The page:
Today is Bastille Day, a perfect day to watch one of the most exciting stages of this year’s Tour de France! From a start in Montpelier, the Peloton travels to Vaucluse, the heart of Provence, home to Mont Ventoux, the Beast of Provence and dream destination of many serious cyclists.
While this region is widely recognized for some of the most challenging cycling in the world, very few outside France know that it also has great itineraries for recreational cyclists. Make no mistake about it, this region is home to one of the most tortuous mountain ascents, Mont Ventoux from Bedoin and has many miles of expert trails. But there are itineraries perfectly suited for recreational cyclists too. Bottom line, if you’re watching Le Tour, captivated by the gorgeous landscape and charming towns in the Vaucluse, don’t discount this region because you’re afraid the cycling is too difficult. With some careful planning, you can enjoy a great French cycling holiday here, exploring the home of the Giant of Provence.
While the upper Vaucluse is sprinkled with miles of signposted cycling, there are 3 itineraries near the base of Mont Ventoux that are rated easy, suitable even for families. There are another 7 that are rated average level with more hills and ascents. For the very experienced cyclist, there are another 4 itineraries to challenge strength and stamina. The easy and average level itineraries range in length from 10.5km to 35km. All itineraries are round trip and provide a perfect opportunity to slowly explore the small towns and villages of this very special part of Provence. All itineraries provide the opportunity to gaze at the famous Ventoux, weather permitting.
Despite being classified as “easy”, it’s important to note that these itineraries are not totally flat. There are inclines and rolling hills but there are also plenty of long downhills to help catch your breath. The secret to having an enjoyable time cycling here is to plan your itineraries carefully, trying to not cover too much territory in one day. It’s a much better idea to savor the beautiful environment, enjoy a picnic lunch with a glass of wine from a Ventoux winery.
One of the best of the easy itineraries is Entre Chapelles et Vergers. This is a 22.4km itinerary leaving from the parking lot of Bedoin behind the Office of Tourism. This itinerary offers a sampling of the best of Provence: miles of vineyards, many with tasting, orchards, ochre cliffs and traditional Provencal farms. If you go, be sure to pick up picnic supplies in Bedoin for a picnic lunch at Mormoiron Lake along the way.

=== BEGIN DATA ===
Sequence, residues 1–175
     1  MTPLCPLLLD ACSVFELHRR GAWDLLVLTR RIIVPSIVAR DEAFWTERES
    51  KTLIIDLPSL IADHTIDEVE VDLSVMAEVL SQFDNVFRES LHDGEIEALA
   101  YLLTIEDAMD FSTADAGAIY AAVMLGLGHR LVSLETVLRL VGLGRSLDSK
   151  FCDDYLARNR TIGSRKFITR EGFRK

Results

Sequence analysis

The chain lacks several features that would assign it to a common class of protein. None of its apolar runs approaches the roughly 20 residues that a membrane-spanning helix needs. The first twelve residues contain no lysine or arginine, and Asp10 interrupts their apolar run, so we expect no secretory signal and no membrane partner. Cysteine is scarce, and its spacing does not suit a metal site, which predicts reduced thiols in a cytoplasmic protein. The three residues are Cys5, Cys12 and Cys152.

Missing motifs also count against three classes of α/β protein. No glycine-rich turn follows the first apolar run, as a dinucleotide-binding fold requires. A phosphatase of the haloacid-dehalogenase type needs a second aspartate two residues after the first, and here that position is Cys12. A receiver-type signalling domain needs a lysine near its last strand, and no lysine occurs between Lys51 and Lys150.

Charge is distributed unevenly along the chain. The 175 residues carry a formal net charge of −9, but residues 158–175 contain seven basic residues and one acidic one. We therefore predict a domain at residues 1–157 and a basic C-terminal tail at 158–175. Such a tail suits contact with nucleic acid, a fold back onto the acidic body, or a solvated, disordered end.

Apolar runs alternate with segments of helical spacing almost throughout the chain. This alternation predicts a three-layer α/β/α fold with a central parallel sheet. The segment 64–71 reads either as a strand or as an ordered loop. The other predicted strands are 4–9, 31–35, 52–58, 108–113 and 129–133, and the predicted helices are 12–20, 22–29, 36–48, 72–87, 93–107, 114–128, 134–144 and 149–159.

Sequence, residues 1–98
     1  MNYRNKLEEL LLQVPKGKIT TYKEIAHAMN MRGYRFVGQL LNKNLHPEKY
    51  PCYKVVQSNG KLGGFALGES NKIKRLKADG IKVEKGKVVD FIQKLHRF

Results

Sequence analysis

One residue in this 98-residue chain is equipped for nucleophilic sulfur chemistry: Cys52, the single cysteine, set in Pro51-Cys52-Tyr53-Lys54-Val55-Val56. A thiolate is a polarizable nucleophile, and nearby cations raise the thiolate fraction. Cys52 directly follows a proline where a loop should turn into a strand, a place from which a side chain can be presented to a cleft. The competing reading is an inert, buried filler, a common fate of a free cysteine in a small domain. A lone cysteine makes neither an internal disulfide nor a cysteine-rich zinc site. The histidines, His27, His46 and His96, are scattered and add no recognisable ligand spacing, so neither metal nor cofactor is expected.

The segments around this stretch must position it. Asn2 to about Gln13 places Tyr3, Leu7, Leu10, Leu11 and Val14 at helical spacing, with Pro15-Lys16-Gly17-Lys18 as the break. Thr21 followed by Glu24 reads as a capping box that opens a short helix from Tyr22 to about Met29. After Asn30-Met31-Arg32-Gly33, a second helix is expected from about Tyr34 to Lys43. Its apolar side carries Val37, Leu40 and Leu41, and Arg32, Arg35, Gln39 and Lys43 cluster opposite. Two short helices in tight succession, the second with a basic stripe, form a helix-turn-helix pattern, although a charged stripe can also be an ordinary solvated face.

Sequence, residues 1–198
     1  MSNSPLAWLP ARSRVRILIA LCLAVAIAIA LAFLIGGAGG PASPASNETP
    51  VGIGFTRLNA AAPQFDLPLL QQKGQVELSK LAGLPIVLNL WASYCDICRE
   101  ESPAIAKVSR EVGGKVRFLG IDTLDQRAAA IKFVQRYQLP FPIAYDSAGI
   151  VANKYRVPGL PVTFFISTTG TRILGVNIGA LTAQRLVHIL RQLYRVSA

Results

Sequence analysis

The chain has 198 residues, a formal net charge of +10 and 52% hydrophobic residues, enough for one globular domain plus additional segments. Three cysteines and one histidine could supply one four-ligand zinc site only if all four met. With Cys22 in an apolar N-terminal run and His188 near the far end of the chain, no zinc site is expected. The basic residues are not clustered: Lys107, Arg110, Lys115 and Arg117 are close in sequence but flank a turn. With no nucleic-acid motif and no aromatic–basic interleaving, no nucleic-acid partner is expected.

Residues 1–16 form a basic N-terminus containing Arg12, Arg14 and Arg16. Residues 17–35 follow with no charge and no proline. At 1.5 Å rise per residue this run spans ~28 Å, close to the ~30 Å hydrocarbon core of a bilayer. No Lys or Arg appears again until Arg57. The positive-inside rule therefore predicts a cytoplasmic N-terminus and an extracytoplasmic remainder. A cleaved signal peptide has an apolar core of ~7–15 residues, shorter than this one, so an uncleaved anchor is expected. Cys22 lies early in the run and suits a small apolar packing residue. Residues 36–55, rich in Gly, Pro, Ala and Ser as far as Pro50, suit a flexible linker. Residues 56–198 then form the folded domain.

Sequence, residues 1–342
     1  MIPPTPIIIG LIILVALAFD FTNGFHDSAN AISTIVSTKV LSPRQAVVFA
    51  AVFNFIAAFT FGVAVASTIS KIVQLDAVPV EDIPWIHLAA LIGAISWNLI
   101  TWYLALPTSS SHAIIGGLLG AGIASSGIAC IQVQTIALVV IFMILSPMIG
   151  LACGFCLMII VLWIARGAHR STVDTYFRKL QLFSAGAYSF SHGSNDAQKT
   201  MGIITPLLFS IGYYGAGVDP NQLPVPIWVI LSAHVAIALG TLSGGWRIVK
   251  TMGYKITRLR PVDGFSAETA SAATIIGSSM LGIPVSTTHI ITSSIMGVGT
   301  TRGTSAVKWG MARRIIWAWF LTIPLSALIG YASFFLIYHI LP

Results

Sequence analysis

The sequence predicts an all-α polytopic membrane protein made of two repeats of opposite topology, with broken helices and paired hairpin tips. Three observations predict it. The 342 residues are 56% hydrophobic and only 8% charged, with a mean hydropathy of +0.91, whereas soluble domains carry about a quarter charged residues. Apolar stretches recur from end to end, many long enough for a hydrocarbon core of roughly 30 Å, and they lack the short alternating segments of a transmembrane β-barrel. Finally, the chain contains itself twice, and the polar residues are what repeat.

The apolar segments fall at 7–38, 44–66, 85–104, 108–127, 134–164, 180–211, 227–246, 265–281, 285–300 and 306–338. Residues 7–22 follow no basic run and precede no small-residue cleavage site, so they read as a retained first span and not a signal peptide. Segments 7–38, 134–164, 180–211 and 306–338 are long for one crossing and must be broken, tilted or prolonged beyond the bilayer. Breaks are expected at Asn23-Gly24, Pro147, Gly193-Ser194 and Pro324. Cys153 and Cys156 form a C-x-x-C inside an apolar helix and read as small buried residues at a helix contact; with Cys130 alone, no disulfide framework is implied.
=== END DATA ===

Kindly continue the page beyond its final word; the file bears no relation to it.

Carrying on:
Les terrasses du Ventoux itinerary goes through the Muscat of Ventoux area and is where the black figs of Caromb are grown. The departure point for this itinerary is the village of Methamis, but it can also be accessed in Mormoiron from the above itinerary. I cycled part of this itinerary from Mormoiron to Villes-sur-Auzon and took the cutoff to Malemort-du-Comtat, to Mazan and then back to Mormoiron. If you’re lucky enough to be there on Monday, don’t miss theProvencal market in Mazan. On Tuesday, the market is in Mormoiron on Tuesday. There’s plenty of wine tasting along this route, especially near Villes-sur-Auzon. The towns along this route are charming and oozing with history. Many Tour de France pelotons have traveled these roads, and you can too.
Another favorite itinerary, Entre Plaine et Piemont is classified as average rather than easy due to the short but steep climb to the gorgeous village of Crillion-le-Brave. Don’t let this hill deter you. The climb is well worth the effort, even if you need to walk a bit. Be sure to treat yourself after the uphill ride with an expresso and pastry! The views from this village are amazing!
This 35km itinerary starts and ends in Caromb which has a great tourism office and a wonderful charcuterie. Be sure to visit the tourism office to pick up maps of the Provence a Velo itineraries, and visit the charcuterie for picnic supplies for your ride. This itinerary goes through some of my favorite towns in the area: Crillion-le-Brave, Bedoin, St-Pierre-de-Vassols and Mazan, and of course Caromb.
The area around Mont Ventoux is packed with history, incredible scenery and charming villages, each more warm and inviting then the next. This area is perfect to explore by bike, and the magic of the famous Ventoux is not diminished in the least if you don’t make the climb to the top. Great care has been taken by local tourism organizations to develop support services for visiting cyclists. Over 100 tourism professionals, accommodations, guides, bike rental services and taxis have signed the “Welcome Cyclists” pledge to help insure a great stay in the region. More information on all of these partners can be found at www.destination-ventoux.com or at www.provence-cycling.co.uk.